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Pen Shows IV: The Auction

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Auction goodies

Pens from the auction at the 2007 NY/NJ Pen Show. Click
on a pen in the photo to see what it is and what I paid for it.

Want good deals on great pens and cool pen-related goodies? I’m talking about the fresh stuff that hasn't been picked over like last week’s produce. If you’re willing to take a little chance and duke it out with other collectors, you can build your collection very effectively and have fun doing it. All you have to do is attend the auctions at the pen shows you go to. (Not all shows have auctions, so be sure to check the show’s Web site before assuming that there will be one.)

The pens shown to the left represent my haul from the auction at the 2007 New York/New Jersey Pen Show. Some of these pens came at prices representing roughly their fair market value, but others were real bargains. To see whether the idea of picking up pens like these looks attractive to you, click on a pen in the photo to see what it is and what I paid for it.

How a Pen Auction Works

If you play on eBay, you can forget all the tricks you’ve learned there. That’s not how it works at a pen show. Everything at a pen show auction happens in real time. You see the people you're bidding against, and there’s no automatic software to kick your bid up when someone bids more.

An item, or lot, can be a pen, a bag of pens, a vintage magazine ad, a rocker blotter, a sterling and crystal inkwell, a 1912 Parker Jointless store counter display cabinet, whatever is available. Lots are consigned to the auction by private individuals or businesses. The winning bidder pays an extra fee, called a buyer’s premium, and that amount — usually 10% of the lot’s final price — goes to the auction house. (At a pen show, the organizers are the house, and their income from the auction helps to defray the costs of putting on the show.) The sale price of each lot, less a fee called the consignor’s premium, goes to the lot’s consignor.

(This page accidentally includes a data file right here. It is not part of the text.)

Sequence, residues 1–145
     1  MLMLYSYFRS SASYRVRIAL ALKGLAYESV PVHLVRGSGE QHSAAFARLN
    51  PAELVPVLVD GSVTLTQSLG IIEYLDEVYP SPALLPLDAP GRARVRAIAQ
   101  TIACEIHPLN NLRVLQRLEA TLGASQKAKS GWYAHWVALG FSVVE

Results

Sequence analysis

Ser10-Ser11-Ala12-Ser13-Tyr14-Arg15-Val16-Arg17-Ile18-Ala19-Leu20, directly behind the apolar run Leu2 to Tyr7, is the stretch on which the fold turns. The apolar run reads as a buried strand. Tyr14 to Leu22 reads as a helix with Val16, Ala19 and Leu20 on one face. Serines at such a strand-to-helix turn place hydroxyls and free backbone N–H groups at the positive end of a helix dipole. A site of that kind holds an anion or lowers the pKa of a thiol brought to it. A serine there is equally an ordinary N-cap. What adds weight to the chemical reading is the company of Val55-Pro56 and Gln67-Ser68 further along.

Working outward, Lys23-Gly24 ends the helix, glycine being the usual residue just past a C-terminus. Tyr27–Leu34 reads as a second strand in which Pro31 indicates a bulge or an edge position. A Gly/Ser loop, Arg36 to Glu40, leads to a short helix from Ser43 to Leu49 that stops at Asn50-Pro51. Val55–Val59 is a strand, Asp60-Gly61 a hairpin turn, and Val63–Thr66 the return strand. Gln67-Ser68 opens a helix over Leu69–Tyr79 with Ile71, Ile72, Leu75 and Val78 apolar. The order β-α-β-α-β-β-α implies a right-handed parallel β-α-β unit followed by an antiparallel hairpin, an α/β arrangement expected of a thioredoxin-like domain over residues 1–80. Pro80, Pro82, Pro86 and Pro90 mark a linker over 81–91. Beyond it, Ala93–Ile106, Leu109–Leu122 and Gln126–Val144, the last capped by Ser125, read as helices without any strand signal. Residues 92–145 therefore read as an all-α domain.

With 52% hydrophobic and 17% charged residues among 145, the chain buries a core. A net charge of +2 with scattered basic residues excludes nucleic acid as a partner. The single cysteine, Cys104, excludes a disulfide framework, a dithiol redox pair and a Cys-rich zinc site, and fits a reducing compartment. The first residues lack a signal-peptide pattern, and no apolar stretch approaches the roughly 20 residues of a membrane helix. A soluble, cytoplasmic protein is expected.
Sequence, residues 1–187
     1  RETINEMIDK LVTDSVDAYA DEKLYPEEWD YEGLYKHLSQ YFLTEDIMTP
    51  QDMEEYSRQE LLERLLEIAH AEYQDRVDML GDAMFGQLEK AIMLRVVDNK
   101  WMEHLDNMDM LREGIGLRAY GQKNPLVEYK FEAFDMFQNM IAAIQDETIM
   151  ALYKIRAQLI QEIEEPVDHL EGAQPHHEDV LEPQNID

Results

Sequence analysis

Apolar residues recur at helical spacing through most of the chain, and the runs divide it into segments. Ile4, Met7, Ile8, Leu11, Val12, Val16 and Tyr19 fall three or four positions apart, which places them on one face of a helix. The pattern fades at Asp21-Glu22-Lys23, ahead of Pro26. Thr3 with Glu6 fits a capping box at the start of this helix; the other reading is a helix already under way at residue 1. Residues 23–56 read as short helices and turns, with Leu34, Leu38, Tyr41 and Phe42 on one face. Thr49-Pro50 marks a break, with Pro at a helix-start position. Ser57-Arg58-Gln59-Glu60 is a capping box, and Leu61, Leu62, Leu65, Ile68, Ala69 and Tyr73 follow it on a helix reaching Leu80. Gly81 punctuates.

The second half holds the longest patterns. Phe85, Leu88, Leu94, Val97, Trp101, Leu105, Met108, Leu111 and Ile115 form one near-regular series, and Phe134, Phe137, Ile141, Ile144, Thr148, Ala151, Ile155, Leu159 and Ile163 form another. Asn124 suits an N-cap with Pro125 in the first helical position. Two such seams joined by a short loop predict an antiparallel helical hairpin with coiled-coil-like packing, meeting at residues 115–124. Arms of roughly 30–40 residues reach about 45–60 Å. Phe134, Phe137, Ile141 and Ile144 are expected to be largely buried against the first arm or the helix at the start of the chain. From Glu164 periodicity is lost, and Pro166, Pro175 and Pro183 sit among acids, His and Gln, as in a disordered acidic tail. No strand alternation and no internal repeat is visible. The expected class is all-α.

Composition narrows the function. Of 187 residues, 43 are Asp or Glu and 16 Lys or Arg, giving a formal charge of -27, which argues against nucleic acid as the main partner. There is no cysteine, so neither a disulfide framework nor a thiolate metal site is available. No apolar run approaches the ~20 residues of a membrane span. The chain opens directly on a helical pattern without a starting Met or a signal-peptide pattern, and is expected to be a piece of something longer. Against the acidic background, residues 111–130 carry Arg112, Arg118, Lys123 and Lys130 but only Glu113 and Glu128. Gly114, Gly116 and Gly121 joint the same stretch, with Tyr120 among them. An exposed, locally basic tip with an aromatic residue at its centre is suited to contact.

Lots are put up for sale one at a time, and the sale is conducted by the auctioneer, who will describe each lot before starting the bidding on it. One word of caution: the auctioneer’s description reflects only what he or she knows about the lot, and it’s not guaranteed to be accurate or complete.

Auctioneer working the crowd

Auctioneer Terry Mawhorter working up the bidding over an item
at the 2006 Ohio Pen Show auction. Photo © 2006 Tom Rehkopf.

The auctioneer will start the bidding on each lot by suggesting a bid. Frequently, the amount of this suggestion is the final price the auctioneer thinks the lot should draw, ands the auctioneer will quickly ask for a lower price, perhaps half the first amount named. The asking price will decline until someone offers a bid, and then the competition is off and running. The auctioneer’s helpers are free to participate, but the auctioneer typically does not bid.

When a lot goes up for sale, it stays up until the auctioneer can’t coax any more bids out of the audience. This sometimes develops into a highly entertaining situation; for example, if the pen being auctioned is an unusual Parker 75 and the auctioneer recognizes a Parker 75 collector in the room, there might be a great deal of wheedling and byplay (e.g., “let him have one more look at it” or “you’re not gonna let her take that away from you for only $5.00, are you?”) before the auctioneer gives up. Finally, with the traditional “Going once… Going twice… Sold!” the auctioneer declares the item sold. Because there is no fixed ending time, there’s also no sniping — nobody is going to outbid you the last three seconds as can happen on eBay. If you lose out on an item, it’s only because you didn’t want to outbid the current high bidder.